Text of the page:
I installed OS X Lion (10.7) this week on both my personal and work Macs. I spent some time over at roaringapps.com checking application compatibility for my frequently used applications. Everything was reported to be working fine in Lion so I decided to take the plunge and upgrade my OS on the first day it was released. The upgrade process was extremely smooth. I followed this Mac Rumors guide to create a Lion install DVD using the file that I downloaded from the Mac App Store. I used this DVD to install Lion on my second mac so I didn’t need to re-download the 3.74 GB installer. This went very smoothly. I never thought I would be upgrading my operating system without a single reboot. Impressive!
The first thing you see when you begin to use lion is a new login screen. It looks pretty cool and gives you additional details in the top corner such as wifi connection, battery percentage, and the time. After logging in you’ll see a dialog titled “Scrolling in Lion”. As you may have heard, Lion essentially inverts the scrolling so it behaves more like the iPhone and iPad. This is probably the most talked about thing in Lion simply because it’s such a drastic change to something we’ve been using for over two decades. I’ve been using the new scrolling for a couple of days now and my brain is mostly trained. If you have an iPad or an iPhone, I would highly recommend sticking it out and learning the new scrolling method. After a week or so, I think it will feel completely natural.
I don’t want to go over all of the new features in Lion, since there are many good reviews (and some long ones) already out there. However, I did spend some time yesterday going through Apple’s 250 New Features page and I made a list of some of my favorite new additions. I tried to pick out some features that I hadn’t seen covered in the other reviews. Many of these features are minor annoyances in Leopard and Snow Leopard that are finally fixed in Lion. I think it really exemplifies the refinement and polish that has gone into Lion.
Quicktime Screen Recording
Introduced in Snow Leopard, Quicktime screen recordings are extremely useful. However, they always felt like they were missing something by forcing you to record the entire screen. This was especially noticeable on very large displays which lead to unnecessarily large video files. Quicktime now allows you to record only a portion of the screen and the new UI for choosing an area of the screen is excellent.
Preview has to be one of the best applications to come pre-installed on OS X. Lion brings some new capabilities to open iWork and Microsoft Office documents. Don’t forget, the other flagship feature in Lion is the ability to sign PDF documents by taking a photo of a signed piece of paper using your FaceTime camera.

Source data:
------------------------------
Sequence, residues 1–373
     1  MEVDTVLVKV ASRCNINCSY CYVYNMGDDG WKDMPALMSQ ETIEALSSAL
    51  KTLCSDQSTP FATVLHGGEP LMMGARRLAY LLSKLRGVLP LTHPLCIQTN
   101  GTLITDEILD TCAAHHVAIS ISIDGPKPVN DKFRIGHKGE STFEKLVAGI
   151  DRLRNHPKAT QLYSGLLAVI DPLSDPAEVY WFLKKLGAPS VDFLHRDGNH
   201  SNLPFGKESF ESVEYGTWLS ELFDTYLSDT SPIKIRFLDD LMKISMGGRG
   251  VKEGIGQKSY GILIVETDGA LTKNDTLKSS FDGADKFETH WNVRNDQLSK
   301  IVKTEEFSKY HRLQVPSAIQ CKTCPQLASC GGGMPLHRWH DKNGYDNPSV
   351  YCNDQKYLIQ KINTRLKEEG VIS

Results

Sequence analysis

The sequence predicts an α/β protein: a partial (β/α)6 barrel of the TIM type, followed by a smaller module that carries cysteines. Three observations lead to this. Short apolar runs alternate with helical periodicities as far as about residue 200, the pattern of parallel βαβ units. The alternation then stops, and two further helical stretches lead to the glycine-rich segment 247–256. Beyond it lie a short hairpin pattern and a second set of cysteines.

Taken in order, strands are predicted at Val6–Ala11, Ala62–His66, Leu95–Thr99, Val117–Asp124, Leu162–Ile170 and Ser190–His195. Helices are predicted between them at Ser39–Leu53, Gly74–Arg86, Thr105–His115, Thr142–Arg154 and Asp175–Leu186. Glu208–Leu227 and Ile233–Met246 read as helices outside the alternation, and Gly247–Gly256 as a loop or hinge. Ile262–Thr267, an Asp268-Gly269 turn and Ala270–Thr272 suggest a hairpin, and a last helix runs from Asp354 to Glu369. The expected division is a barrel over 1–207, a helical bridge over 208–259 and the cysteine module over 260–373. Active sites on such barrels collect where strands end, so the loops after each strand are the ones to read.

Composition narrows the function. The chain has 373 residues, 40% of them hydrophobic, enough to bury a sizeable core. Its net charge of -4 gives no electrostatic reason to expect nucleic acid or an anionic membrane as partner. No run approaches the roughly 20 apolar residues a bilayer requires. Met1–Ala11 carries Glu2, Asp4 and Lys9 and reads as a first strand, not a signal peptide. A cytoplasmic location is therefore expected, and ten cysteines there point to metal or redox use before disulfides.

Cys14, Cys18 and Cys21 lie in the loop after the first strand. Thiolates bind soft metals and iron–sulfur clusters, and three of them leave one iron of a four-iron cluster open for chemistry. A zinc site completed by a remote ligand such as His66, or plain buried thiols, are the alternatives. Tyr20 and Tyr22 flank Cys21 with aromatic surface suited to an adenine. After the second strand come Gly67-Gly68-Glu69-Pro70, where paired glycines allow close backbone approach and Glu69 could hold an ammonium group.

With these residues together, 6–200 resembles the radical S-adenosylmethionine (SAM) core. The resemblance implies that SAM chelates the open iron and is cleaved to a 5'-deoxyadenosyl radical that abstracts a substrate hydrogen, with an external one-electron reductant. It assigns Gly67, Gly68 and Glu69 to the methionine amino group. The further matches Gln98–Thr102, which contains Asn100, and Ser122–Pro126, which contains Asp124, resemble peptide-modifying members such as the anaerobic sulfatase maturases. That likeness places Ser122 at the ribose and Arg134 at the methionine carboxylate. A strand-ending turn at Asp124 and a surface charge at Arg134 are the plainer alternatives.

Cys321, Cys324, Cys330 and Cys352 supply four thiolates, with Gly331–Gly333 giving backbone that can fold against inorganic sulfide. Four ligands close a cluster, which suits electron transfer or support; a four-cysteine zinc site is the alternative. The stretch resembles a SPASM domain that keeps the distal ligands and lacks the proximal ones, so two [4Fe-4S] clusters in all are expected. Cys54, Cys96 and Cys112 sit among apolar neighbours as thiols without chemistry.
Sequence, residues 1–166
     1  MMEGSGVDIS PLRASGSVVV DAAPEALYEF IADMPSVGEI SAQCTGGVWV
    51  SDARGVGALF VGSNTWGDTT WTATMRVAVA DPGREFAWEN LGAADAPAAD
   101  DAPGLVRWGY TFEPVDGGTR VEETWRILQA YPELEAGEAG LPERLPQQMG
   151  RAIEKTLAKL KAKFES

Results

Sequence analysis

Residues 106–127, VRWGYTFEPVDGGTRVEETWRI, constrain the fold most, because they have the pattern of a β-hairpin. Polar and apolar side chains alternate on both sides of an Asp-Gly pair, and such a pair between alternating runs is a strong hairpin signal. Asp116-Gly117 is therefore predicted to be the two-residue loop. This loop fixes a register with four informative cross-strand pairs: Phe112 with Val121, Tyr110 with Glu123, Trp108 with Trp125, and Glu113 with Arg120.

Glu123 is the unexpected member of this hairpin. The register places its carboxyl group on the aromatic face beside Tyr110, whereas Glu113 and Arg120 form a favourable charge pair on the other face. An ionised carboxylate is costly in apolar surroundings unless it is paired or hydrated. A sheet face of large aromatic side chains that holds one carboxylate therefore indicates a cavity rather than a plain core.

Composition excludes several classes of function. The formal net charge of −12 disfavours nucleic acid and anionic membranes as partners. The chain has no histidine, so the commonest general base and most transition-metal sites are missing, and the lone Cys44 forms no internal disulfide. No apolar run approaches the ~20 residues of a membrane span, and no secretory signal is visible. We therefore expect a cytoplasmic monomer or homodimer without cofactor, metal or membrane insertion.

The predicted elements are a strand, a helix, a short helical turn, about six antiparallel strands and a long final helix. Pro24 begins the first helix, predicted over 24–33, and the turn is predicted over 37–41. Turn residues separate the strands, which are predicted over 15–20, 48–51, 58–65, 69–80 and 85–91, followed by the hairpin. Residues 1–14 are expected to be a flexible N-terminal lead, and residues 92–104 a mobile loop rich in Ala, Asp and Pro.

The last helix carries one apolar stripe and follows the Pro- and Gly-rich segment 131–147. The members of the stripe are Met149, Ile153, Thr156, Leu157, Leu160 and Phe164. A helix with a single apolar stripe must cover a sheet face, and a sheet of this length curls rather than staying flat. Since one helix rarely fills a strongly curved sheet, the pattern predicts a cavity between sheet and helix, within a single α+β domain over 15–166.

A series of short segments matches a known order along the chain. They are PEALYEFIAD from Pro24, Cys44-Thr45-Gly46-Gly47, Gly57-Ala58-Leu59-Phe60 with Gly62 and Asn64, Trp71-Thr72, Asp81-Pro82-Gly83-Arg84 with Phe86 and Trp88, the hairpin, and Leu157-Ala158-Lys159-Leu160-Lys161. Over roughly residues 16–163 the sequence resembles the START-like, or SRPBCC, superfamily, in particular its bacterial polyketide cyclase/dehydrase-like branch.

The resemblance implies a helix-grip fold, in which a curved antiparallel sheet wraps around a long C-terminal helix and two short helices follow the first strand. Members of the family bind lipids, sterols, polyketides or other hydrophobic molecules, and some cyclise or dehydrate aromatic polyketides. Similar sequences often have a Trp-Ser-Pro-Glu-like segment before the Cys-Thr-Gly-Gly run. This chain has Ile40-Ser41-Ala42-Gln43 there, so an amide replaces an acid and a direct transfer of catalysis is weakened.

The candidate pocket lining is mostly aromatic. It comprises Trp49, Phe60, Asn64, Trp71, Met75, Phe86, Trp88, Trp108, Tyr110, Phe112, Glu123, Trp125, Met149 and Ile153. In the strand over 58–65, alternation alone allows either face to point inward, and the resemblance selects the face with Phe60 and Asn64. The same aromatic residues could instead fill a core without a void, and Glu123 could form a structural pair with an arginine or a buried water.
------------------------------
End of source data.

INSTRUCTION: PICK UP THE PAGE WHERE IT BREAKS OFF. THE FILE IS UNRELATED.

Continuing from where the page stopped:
iChat is one of my most frequently used applications. Lion finally brings some critical features such as a Unified Buddy list so that you can see your Google Chat and AIM buddies in the same window. Unfortunately, iChat is still missing a lot of features. In Snow Leopard I would use the excellent Chax plugin to add these missing features. Chax is currently broken in Lion, however.
There is a great new feature called “Quick Add” which allows you to easily add new events using natural language. So you can enter “Board meeting on Thursday at 8pm” and iCal will handle the event creation for you. If this sounds familiar, that’s because the wonderful app Fantastical released the same functionality for iCal a month or two ago. It’s still nice to see this feature baked right into iCal.
File this one under the “Windows and Linux have had that feature for years” category. Finder is finally able to handle merging folders. Previously if you tried to combine two folders with the same name, Finder would overwrite the contents of the existing folder. Now it’s smart enough to sort everything out and merge them into a single folder. Finally.
I’m excited to see that Apple has made drastic improvements to the disk encryption feature FileVault. I started using this feature yesterday on both of my machines and so far I have not noticed a performance hit. Everything works just like it did before I enabled it. FileVault now has an Instant Wipe feature which removes the encryption key from your Mac and then performs a completely disk wipe. It’s still not clear how you initiate the wipe… if anyone knows, please add a comment!
This is another feature I use all the time. Hit the spacebar when you have selected a file in Finder and a modal dialog will pop up to give you a preview of the file. In Lion, the Quick Look dialog will stay visible even if you switch out of the Finder application. For example, now you can Quick Look a Mp3 in Finder and switch to Safari while the song continues to play. This used to drive me crazy! Additionally, Quick Look now works in a multitude of new places such as Spotlight results, links in emails, and more.
If you have a portable Mac, Time Machine will now keep some “local snapshots” of your files so that you can have backups of your files even if you are traveling and do not have access to your Time Machine drive. I’m not sure if it backs up every file, or how it manages disk space. But, I can confirm that it’s working on my MacBook Pro and I can see two days worth of backups when I enter Time Machine with my drive disconnected.
These are just a few of the 250 new features in Lion. I’ve been extremely impressed with Lion so far and highly recommend updating if you have a recent Mac with one of the new trackpads. The old plastic MacBooks have the old trackpad which doesn’t allow 3+ finger gestures. This could be a problem as Lion is highly dependent on multi-touch gestures. I am using the Magic Trackpad on my iMac and it almost seems like a requirement for Lion.
I’m glad Lion is finally here and I can’t wait to see how my workflow improves with all of these new features!